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From outcast to on the cast.
“Selling the OC” star Alexandra Rose says casting decisions for the Netflix series were behind her Oppenheim Group co-workers’ icy behavior toward her and BFF Alexandra Jarvis.
The reality star, 27, exclusively tells Page Six that she and Jarvis, 32, were not originally cast to be on the “Selling Sunset” spinoff, making those who were chosen act “superior.”
“Everybody’s, like, energy just kind of turned, and no one talked to us,” Rose shares via a Zoom interview.
“Everyone thought that they were, like, superior over us, and Alex Hall, Polly [Brindle], they were bullies. They were mean and nasty and shunned us like we were, like, chopped liver.”
Rose says Hall and Brindle “did not” treat her and Jarvis with respect — and the tension was definitely caught on camera when the “shunned” realtors eventually did get cast.
“You guys are just going around and, like, rubbing your stink on everything in the office,” Hall told the duo at a casino party in Episode 8. “You’re the, like, bullies.”
An astonished Rose then replied, “We’re the bullies?!”
The luxury real estate realtor explains that the criticism from her co-workers that she gave them an “attitude” was because she actually felt “uncomfortable being around them.”
“All they did was yell and talk loud and be obnoxious and, like, I’m just not like that,” she tells us. “So, when I was in a room with them, it was very awkward for me, and I felt very socially awkward because they just kind of suck the energy out of my soul in a sense.”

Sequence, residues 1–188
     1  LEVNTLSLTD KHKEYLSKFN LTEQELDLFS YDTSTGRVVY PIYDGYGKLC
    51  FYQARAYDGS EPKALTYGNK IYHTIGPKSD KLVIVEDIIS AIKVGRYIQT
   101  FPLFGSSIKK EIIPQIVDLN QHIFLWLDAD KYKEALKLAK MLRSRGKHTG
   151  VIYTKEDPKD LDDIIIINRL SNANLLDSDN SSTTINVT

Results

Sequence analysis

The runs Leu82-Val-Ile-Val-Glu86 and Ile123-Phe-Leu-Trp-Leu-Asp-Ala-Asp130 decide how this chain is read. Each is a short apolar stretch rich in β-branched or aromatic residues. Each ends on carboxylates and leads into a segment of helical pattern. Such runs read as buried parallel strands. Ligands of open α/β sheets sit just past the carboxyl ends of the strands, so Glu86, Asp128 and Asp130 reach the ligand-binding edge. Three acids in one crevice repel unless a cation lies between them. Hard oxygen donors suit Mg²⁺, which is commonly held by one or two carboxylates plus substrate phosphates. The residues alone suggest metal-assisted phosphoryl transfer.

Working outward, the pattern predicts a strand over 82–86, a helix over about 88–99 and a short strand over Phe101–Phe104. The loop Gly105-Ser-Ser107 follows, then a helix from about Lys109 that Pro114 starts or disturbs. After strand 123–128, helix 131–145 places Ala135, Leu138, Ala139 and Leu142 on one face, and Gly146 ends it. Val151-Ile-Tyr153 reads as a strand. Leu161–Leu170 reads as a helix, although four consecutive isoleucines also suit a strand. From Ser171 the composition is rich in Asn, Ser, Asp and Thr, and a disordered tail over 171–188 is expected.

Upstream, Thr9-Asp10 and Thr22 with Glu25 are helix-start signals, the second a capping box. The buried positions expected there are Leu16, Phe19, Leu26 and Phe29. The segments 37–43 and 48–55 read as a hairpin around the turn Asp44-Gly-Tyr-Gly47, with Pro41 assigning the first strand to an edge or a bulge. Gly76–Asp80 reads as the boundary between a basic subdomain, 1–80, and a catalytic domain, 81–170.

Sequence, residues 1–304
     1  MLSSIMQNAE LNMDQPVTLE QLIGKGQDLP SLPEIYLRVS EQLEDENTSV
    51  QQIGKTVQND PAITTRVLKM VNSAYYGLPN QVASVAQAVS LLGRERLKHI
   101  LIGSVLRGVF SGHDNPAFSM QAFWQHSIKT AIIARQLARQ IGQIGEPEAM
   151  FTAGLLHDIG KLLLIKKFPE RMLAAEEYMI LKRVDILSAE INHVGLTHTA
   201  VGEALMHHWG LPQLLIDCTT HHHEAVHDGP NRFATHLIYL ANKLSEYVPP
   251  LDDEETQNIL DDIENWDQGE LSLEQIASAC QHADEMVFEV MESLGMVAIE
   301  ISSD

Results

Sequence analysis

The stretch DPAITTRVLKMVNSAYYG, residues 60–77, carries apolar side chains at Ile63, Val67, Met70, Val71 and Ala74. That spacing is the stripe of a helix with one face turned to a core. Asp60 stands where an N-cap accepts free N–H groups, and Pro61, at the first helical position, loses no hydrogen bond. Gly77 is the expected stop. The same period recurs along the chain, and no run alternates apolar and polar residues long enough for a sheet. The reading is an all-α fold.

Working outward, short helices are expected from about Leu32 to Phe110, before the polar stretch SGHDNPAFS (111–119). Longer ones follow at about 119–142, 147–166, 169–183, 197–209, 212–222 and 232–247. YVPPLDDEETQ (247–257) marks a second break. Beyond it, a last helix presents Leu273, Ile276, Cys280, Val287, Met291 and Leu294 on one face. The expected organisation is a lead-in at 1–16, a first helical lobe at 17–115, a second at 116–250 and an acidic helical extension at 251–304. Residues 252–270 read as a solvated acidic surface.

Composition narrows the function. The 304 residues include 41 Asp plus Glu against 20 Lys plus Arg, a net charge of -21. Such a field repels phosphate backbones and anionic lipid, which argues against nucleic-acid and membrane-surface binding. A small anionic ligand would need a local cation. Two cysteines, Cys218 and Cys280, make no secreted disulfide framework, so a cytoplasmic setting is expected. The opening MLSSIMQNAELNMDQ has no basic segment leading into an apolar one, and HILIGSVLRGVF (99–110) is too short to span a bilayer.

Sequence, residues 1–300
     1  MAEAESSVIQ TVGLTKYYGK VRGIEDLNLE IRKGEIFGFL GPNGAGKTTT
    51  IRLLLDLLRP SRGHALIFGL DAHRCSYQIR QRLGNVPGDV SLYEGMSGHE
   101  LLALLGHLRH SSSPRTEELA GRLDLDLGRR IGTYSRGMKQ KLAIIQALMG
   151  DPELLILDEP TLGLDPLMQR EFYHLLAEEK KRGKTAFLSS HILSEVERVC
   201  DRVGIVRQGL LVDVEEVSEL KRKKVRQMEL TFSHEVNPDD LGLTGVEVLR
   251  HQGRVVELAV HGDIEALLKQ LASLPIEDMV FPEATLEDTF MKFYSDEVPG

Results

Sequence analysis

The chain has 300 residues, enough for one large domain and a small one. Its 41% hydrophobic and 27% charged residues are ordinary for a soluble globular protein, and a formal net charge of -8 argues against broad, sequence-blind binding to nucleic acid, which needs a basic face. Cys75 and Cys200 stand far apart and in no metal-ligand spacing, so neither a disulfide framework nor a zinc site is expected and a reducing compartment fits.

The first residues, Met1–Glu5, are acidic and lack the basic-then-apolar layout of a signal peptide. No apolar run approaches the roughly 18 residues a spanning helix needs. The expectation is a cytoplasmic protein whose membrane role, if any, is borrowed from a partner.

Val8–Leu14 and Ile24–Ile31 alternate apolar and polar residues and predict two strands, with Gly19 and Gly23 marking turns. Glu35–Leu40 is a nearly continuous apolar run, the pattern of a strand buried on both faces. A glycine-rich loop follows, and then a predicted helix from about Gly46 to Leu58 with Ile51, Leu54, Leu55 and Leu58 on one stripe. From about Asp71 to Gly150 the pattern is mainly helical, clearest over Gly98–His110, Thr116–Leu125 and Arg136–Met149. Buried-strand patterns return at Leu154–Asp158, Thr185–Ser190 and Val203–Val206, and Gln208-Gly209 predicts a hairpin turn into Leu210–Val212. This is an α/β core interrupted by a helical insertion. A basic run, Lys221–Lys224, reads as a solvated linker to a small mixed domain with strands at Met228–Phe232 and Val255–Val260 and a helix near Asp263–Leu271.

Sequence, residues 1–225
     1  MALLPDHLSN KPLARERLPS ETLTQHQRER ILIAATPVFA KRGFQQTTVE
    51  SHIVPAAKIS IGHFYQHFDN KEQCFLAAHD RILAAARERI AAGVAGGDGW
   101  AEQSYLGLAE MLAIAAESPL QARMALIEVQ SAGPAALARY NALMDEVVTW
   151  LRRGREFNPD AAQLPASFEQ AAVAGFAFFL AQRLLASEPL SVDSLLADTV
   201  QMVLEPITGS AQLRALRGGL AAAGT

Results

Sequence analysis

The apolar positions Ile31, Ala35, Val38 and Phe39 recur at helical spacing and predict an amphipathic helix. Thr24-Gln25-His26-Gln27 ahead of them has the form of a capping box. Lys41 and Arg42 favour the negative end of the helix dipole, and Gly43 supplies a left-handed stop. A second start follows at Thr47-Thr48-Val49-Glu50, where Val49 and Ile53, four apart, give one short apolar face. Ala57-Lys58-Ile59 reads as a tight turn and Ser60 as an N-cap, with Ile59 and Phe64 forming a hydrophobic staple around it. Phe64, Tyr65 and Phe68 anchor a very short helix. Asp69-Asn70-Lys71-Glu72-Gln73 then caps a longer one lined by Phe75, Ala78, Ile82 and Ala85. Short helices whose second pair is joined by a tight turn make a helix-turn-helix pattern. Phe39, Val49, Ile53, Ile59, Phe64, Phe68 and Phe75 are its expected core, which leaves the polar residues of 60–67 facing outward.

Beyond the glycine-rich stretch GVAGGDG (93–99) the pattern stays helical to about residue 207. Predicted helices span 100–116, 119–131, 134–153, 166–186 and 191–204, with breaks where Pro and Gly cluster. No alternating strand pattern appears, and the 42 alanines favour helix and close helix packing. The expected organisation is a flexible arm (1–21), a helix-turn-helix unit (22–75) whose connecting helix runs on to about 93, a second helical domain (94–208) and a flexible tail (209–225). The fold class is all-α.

Rose concludes, “I just I didn’t feel welcome, and I felt completely shunned.”
Prior to Season 1 of “Selling the OC” even debuting on Aug. 24, the Netflix star says she received apologies from castmates Tyler Stanaland and Kayla Cardona.
Rose adds that Stanaland in particular told her he is “interested in having a friendship” with her and that he “agreed” Hall and Brindle acted like “bullies” on the show.
Hall, however, tells Page Six that Rose’s allegations are “not fair” because there is more to the story.
“We didn’t ice them out,” Hall says. “They came in with different intentions than we came in with.”
Hall, 33, explains that she was “confused” when Rose and Jarvis would chime in on drama taking place between cast members when they weren’t initially supposed to be on the show.
“There’s so many situations that they weren’t a part of that they didn’t experience firsthand, that they didn’t witness with their own eyes, and then they want to come on to the scene and say, ‘Well, you did this …’ You weren’t even there,” she says.
Hall notes that she and some of her Oppenheim Group colleagues had already “formed opinions” about Rose and Jarvis from them having just worked together in an office — and not having anything to do with the show.
“We’re a real office,” the Orange County, Calif.-based realtor says. “We really all work together in an office, and it’s a very, very complex, dramatic environment because it’s a lot of personalities. … It does not mean that there’s not going to be opinions formed based on what we’re witnessing and what our experience is.”
Hall concludes, “I think that they they need to take their role in that position, and they can’t blame us for icing them out. That’s not fair.”
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